[authorized] state and local laboratories to do initial testing on their own. If labs had developed and validated a test, they could use it for diagnosis instead of relying on the C.D.C.'s version or waiting for a replacement.

In its initial response to the virus, the government appears to have "managed" the lack of widely available test kits by restricting testing to only people who had returned from China or had contact with someone who had already been diagnosed with COVID-19. Last week, those criteria were expanded somewhat, to include "travelers returning from places like South Korea and Italy, and hospitalized patients who were very ill and whose symptoms could not be otherwise explained."

But as a Twitter thread that went viral yesterday (wash your Twitter vigorously for at least 20 seconds) points out, that still leaves out a lot of people who have good reason to seek testing:



The Times also points out that shortly after the first CDC-developed test failed, the agency insisted on developing its own test, even though German researchers had developed a test that was adopted by the UN's World Health Organization. The FDA could have approved the WHO test for use in America, but nah — "America First," in this case, isn't just a Trump slogan. It's how our public health infrastructure has always preferred to work. Wouldn't want to use no European tests, heck no.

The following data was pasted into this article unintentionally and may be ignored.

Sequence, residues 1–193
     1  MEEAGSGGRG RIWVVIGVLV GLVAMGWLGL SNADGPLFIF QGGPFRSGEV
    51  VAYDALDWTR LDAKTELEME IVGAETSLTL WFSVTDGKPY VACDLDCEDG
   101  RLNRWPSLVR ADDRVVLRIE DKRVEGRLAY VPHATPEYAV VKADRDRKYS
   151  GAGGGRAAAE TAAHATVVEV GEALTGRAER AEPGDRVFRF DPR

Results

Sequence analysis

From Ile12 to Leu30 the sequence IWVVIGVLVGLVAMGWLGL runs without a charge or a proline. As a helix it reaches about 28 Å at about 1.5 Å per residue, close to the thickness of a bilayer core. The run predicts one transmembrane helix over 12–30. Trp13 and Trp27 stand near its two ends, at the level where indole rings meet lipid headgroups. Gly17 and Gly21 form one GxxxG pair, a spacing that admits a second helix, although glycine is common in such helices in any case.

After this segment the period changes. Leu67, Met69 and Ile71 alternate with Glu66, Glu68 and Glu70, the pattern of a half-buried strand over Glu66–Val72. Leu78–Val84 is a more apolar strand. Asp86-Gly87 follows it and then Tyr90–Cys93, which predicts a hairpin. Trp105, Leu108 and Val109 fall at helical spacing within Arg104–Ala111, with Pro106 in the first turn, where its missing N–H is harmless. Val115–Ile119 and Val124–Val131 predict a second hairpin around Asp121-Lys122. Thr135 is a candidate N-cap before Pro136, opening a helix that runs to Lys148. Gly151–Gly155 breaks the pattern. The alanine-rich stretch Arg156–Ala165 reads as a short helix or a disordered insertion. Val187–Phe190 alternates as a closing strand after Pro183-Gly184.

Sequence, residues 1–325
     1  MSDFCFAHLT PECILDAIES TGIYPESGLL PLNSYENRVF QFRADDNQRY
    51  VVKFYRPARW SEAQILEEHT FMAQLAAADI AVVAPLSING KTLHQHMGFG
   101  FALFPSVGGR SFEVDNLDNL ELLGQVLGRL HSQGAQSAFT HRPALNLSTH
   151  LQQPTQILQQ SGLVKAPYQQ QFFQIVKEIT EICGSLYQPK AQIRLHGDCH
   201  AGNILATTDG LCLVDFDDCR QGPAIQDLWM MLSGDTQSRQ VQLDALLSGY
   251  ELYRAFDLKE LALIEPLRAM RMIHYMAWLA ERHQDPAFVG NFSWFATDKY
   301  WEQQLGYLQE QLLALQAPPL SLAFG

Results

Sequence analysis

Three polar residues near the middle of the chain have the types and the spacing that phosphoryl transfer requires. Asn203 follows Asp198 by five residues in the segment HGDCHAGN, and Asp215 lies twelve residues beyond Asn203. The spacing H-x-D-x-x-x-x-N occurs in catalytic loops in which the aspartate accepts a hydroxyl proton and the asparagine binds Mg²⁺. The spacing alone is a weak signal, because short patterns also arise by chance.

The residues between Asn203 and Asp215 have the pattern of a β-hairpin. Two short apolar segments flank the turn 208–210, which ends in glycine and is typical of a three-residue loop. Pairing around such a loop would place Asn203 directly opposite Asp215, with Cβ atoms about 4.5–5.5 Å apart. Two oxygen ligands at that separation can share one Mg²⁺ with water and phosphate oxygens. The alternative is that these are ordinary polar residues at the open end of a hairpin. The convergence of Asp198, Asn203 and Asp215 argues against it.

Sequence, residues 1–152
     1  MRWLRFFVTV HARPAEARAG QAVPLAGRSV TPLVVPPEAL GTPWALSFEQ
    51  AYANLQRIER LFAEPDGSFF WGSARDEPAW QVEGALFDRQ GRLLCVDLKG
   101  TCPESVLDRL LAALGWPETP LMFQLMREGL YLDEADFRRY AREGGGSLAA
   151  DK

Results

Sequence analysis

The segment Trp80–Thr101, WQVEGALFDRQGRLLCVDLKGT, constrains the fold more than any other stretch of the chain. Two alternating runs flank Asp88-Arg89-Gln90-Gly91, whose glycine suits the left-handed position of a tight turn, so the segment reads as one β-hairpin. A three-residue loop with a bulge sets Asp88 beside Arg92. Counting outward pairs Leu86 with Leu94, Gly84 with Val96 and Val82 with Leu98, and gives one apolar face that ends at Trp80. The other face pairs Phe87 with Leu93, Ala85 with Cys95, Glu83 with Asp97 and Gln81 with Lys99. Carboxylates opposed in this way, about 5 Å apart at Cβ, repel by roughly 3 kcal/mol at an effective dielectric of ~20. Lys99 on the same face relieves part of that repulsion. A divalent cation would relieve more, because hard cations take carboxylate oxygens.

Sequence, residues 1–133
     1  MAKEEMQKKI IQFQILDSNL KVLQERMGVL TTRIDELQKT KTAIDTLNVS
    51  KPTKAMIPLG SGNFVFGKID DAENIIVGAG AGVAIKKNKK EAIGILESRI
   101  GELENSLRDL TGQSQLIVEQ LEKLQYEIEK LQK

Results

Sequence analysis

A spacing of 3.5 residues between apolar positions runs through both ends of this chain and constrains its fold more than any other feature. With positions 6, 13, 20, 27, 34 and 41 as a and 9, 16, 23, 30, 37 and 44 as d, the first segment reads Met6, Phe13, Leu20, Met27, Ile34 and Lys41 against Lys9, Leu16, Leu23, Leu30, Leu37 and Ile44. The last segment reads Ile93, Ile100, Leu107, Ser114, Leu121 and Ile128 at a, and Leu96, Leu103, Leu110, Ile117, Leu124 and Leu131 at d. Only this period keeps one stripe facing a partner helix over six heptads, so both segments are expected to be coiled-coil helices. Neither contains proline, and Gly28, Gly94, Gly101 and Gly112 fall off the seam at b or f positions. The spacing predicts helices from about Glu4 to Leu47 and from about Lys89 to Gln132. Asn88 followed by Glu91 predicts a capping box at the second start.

The FDA's action to now allow wider use of non-CDC tests is likely to result in more testing becoming more available, soon-ish, but it's still taking time to ramp up, and as the Times points out, there'll always be the question of whether the "failure to provide adequate testing [gave] the coronavirus time to gain a toehold in the United States?"